FederalDAILY Answer Book. Answers to. 50 Most Common Questions. Asked by Federal Employees

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1 FederalDAILY Answer Book Answers to 50 Most Common Questions Asked by Federal Employees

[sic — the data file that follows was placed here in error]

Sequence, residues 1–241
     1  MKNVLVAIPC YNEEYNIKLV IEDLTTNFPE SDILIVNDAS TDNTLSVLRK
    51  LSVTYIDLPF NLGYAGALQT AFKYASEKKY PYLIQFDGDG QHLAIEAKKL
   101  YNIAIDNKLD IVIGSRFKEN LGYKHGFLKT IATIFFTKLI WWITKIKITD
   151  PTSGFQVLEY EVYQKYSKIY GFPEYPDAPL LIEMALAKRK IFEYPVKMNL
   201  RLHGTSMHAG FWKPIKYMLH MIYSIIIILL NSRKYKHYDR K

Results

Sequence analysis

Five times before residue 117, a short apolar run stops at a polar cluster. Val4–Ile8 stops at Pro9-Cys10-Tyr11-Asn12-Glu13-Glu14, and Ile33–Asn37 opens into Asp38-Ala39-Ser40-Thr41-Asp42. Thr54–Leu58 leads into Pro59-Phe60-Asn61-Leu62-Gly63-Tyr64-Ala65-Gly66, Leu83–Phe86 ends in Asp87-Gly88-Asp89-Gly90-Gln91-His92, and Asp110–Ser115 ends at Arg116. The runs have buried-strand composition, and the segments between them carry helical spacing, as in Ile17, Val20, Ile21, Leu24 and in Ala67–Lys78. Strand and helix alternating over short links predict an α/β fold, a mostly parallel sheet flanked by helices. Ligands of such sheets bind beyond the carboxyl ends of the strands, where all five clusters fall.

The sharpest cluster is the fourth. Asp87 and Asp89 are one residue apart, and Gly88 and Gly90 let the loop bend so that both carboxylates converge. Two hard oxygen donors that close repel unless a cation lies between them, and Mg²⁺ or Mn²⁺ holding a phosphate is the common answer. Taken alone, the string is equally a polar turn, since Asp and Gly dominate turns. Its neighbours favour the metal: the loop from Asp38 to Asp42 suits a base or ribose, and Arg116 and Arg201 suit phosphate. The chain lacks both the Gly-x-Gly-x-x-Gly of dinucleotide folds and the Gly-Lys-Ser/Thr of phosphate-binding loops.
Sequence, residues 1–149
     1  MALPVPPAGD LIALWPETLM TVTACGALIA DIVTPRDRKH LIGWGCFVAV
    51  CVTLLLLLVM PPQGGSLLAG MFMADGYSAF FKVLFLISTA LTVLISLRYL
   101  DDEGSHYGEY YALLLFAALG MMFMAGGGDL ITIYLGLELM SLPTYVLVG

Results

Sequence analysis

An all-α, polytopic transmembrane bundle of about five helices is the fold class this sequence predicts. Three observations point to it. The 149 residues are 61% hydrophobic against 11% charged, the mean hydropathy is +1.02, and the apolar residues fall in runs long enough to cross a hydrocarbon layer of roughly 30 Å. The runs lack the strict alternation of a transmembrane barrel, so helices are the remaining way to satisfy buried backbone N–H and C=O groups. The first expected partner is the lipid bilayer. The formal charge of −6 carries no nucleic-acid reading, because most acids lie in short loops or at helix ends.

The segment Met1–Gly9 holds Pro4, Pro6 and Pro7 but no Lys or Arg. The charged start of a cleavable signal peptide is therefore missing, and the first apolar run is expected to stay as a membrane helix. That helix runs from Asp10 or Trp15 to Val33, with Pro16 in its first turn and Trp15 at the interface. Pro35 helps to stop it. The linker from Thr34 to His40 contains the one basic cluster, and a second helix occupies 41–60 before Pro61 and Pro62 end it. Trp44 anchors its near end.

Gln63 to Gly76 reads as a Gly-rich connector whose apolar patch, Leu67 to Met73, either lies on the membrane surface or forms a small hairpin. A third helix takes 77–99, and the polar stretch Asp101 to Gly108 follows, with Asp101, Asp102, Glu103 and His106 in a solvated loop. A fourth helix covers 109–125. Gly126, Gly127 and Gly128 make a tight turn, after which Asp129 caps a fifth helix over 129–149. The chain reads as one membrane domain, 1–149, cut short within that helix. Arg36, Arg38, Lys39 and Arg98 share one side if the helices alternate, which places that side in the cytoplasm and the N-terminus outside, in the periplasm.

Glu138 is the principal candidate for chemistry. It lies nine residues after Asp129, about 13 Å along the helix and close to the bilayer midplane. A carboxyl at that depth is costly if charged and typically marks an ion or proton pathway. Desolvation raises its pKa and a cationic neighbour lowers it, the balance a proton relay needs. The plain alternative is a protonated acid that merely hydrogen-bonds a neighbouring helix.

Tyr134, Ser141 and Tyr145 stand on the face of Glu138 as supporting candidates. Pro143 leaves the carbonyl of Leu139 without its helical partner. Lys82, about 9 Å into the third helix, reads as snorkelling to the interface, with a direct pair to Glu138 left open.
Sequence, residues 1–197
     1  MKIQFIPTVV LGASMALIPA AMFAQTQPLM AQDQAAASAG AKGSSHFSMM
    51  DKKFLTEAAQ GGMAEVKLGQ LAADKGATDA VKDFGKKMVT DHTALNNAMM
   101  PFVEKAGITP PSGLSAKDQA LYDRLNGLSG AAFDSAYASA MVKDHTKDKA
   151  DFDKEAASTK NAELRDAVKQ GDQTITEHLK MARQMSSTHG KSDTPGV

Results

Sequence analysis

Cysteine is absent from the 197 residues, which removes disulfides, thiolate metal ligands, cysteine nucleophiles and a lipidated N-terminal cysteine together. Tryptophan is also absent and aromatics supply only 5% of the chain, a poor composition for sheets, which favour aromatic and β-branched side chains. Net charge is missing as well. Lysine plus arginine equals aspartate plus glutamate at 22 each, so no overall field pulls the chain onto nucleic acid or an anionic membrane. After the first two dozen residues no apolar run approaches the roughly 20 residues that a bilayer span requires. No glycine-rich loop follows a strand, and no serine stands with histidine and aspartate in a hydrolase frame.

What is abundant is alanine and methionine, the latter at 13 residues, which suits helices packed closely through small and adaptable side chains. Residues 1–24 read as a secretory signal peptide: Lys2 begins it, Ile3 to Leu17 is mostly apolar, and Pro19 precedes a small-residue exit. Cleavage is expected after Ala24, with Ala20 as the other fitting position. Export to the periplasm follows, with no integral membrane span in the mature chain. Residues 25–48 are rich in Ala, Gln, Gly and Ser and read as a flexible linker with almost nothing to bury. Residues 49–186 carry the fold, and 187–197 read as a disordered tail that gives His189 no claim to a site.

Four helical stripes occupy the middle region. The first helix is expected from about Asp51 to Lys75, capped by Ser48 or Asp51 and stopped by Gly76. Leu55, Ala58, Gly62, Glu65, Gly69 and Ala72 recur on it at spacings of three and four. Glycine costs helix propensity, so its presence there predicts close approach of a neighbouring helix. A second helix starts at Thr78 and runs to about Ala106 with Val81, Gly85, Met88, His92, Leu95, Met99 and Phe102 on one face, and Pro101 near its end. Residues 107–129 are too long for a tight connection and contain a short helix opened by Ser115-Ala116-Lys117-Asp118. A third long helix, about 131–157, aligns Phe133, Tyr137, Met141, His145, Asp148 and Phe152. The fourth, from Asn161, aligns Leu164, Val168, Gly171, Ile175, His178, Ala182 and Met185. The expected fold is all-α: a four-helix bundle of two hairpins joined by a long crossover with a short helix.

2 Table of Contents Civil Service Retirement System (CSRS)...3 CSRS Offset...5 Federal Employees Retirement System (FERS)...7 Deposits and Redeposits...9 Survivor Benefits...10 Thrift Savings Plan...12 Social Security and the FERS Retirement Annuity Supplement...14 Medicare and FEHBP...17 Health, Life, Long-Term Care, Dental and Vision Insurance; HSAs and HCFSAs...18 COPYRIGHT NOTICE 2012 All rights reserved. No part of this publication may be reproduced, stored in a retrieval system, transmitted in any form or by any means (electronic, electric, mechanical, photocopying, recording, or otherwise) without the prior permission of the copyright owner. LICENSING INFORMATION To purchase a license authorizing you to distribute this publication, please call (800) or We have attempted to compile information that is accurate and current as possible. Federal policies laws, regulations, statistics, and addresses continually change; therefore, no warranties are made as to the accuracy or completeness of the information in this publication. Published by: 1105 Government Information Group 8609 Westwood Center Drive, Suite 500 Vienna, VA Contact Information: Customer Service: (800) Fax: (818) Internet: 2